Spring has arrived. We are in the season of universal renewal. For me Spring is a religious celebration. I am one who refers to it as Easter, but there are other names for the spring solstice. I would like to share a moment, to reflect back. Maybe gain perspective for the season.
Easter is my happy time. I miss the 50s and 60s. I miss the innocence. I miss the gathering of cousins and aunts and uncles who came from hundreds of miles to spend Easter break on my grandfather’s farm. It was like an Amish celebration with tradition and expectation.
Ah, the memories of childhood. Each year my sisters and I donned shiny white patent leather shoes and fresh Buster Brown socks saved for the occasion. We had new puffed-sleeve dresses made of that sheer embossed synthetic that was popular after WWII, matched with a pastel cotton duster. We dug out our white gloves and brimmed hats with tiny pastel paper flowers on the bands, along with little purses that held a hankie and a nickel for the collection basket. We traipsed to the front yard and waited for someone to record the occasion on a small Brownie camera
The solemnity of Easter is still fresh, especially the rigorous 12-hour fast, remembering not to eat anything on Easter morning before Mass so that we could take Communion. Staying up late into the night to finish sewing a new outfit. Buying that first pair of high heels at fourteen.Pulling the Easter baskets out of the closet where they were stacked away.
Then, the Easter Picnic. Spring grass and wildflowers burst forth across a five-acre pasture where the Easter Bunny and his helpers spread eggs over a five-acre woodlot. We searched along the creek, behind oak trees and sycamores, avoiding the piles of sheep poop that looked surprisingly like black jelly beans in the shade. Later our mothers made us divide the hard boiled eggs so that each child got the same amount.
We picnicked on old blankets and tables that were carried into the pasture in the back of pickup trucks for the older people to sit on. In the pasture, lambs bounding near their mothers, pausing to press their noses into their mothers’ sides to nurse. Sounds of mothers and babies baaing, children laughing and exploring the creek while our own mothers sliced ham and arranged platters of fried chicken.
Hams, lamb roast, fried chicken, potato salad and a dozen side dishes served up by a grandmother and her five daughters and daughters-in-law. Yeast breads and fresh-made butter, homemade pickles, jams and sourcraut. Angel food cakes with fluffy icing, trimmed with coconut and jelly beans. Chocolate cakes, cobblers and trays of sugar cookies that we cousins decorated along with dozens of colored eggs.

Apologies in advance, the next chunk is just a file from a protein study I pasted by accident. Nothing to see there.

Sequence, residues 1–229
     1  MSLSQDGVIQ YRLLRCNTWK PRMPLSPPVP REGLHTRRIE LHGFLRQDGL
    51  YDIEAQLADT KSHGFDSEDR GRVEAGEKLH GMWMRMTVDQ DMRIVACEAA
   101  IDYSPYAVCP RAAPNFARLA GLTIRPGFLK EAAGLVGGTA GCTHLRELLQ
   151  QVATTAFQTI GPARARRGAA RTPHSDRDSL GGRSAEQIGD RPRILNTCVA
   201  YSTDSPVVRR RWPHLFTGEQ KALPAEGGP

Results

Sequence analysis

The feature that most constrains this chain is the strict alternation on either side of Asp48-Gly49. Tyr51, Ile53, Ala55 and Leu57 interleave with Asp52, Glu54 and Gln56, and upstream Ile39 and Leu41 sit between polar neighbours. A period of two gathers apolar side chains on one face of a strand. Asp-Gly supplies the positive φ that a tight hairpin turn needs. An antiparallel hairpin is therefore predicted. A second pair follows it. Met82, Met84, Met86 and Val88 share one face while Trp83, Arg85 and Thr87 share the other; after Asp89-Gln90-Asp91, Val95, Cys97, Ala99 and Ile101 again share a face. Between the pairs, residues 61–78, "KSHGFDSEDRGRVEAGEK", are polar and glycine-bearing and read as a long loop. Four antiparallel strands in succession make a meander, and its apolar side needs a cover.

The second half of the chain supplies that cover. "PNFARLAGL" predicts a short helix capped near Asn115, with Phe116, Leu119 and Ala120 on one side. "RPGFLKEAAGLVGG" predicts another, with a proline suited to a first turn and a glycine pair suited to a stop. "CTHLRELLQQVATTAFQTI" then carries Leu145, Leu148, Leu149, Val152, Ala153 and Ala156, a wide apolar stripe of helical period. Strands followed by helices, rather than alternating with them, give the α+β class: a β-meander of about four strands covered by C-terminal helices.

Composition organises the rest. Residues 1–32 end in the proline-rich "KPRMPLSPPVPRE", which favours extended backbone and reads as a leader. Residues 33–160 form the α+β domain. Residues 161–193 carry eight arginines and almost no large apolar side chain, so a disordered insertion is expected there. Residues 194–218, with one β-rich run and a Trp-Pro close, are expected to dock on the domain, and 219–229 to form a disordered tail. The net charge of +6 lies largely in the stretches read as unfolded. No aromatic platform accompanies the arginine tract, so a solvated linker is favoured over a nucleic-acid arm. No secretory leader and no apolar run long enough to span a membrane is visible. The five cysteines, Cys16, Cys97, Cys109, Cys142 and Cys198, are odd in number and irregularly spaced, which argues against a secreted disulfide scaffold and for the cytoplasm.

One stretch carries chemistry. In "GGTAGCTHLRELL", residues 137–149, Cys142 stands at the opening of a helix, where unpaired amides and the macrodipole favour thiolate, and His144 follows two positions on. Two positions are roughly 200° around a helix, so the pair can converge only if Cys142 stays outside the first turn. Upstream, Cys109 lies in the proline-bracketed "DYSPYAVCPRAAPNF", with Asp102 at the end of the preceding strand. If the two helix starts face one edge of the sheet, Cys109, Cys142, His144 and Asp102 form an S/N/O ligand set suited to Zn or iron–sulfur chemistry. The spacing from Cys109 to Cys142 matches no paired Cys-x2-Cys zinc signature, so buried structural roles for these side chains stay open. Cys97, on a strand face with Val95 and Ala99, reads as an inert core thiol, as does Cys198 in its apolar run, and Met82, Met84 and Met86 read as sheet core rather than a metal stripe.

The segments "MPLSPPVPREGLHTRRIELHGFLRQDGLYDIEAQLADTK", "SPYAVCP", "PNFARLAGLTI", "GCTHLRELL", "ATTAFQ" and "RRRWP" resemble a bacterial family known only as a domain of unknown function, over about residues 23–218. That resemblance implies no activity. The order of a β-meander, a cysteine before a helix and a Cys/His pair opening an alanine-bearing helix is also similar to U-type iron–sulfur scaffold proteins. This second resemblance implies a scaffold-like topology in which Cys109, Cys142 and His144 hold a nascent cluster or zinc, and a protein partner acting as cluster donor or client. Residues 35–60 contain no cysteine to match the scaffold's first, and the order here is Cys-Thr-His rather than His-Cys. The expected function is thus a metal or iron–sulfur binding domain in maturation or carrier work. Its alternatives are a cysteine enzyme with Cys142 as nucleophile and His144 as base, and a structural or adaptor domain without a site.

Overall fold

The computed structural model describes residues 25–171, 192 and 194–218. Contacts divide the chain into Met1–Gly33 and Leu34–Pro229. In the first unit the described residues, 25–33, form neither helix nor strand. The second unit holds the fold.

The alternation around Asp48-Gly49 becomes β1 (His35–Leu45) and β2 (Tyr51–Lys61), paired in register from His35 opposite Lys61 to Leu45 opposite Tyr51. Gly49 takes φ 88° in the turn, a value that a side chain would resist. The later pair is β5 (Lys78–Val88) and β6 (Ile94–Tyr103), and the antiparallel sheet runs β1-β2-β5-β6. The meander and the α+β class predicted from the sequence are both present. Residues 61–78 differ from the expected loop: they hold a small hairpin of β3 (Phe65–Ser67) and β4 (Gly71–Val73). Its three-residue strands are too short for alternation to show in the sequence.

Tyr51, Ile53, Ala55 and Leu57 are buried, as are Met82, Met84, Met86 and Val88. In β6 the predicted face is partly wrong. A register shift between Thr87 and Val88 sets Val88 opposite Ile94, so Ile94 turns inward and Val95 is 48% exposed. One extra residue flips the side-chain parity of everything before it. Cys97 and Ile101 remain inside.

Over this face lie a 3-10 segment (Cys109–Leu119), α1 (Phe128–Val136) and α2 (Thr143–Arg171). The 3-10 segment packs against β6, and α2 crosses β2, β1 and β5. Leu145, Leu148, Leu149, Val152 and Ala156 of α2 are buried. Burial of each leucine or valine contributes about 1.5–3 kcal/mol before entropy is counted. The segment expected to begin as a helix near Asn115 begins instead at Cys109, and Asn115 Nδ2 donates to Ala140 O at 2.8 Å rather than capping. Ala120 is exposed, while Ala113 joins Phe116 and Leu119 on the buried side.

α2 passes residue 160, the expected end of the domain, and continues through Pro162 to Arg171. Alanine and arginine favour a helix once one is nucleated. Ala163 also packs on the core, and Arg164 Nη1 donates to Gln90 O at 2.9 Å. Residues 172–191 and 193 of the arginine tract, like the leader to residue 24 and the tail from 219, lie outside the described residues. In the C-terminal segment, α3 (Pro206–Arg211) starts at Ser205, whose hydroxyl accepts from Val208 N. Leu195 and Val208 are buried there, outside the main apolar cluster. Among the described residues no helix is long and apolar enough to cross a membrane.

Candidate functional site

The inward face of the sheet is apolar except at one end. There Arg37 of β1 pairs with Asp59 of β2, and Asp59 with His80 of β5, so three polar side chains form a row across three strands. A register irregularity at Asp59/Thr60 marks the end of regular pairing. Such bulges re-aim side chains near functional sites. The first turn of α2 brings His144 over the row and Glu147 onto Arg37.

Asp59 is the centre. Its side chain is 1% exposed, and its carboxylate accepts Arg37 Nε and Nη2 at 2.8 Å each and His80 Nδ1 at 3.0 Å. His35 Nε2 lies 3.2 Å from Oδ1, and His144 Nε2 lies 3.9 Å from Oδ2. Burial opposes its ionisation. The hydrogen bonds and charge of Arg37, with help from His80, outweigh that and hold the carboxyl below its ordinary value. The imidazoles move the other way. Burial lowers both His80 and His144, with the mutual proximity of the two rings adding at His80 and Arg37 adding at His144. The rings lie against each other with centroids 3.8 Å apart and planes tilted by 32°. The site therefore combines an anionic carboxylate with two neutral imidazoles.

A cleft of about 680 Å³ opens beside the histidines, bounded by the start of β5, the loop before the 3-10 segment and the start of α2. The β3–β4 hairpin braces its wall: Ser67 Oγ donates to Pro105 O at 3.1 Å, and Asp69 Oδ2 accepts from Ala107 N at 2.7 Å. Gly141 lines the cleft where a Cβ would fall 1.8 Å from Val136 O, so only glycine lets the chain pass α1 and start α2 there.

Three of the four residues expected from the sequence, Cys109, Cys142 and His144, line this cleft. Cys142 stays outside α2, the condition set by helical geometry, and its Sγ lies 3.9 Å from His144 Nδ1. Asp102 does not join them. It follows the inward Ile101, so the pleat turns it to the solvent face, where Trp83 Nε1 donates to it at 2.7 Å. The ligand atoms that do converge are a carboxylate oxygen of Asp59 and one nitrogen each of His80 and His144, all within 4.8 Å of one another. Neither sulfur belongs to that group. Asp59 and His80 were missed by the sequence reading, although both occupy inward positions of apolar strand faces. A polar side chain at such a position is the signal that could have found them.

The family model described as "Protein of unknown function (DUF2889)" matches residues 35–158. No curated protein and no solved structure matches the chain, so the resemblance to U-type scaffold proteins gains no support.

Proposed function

Our Easter picnics continued for two decades. Memories are hardwired in the minds of cousins who recall the shockingly bright, crisp sunshine after the Daylight Savings time change. Excited conversations overlapping as everyone talked at once, the energy of a reunited family that had not seen each other since Christmas.
We teens experienced each sensation with a bittersweet longing as we contemplated college and grandparents grew more feeble. Each act of the picnic drama evoked an ache that everything would change. And change it did. The family clung to traditions as best we could as we settled in seperate cities and states, the ultimate American story.
Now we are the grandparents who have the five acre woodlot. We hold Easter at our house. The extended family is gone, spread out across several states. Fewer cousins, but I keep the traditions for my children and grandchildren. We have Easter baskets and an egg hunt. We frost cookies and color eggs. We drive golf balls in the pasture before we picnic on tables and old blankets. Wild geese and turkeys replace the sheep, but my grandchildren don’t miss what they never knew. This year I bought a new Easter dress from Coldwater Creek. My granddaughters will wear theirs to attend Mass with me.
Afterwards three generations will take time to reflect, pick wildflowers and follow the dwindling flow of our meandering creek. Seven dogs will run loose in the meadows. It will be a time of breathing in fresh, crisp air, For me, a time to recall the risen Christ.
Even if we don’t share the same religious convictions, or we refer to it by different names, this is a time for giving thanks for the season passed and the season to come. For everyone a day of crisp skies and hopefulness.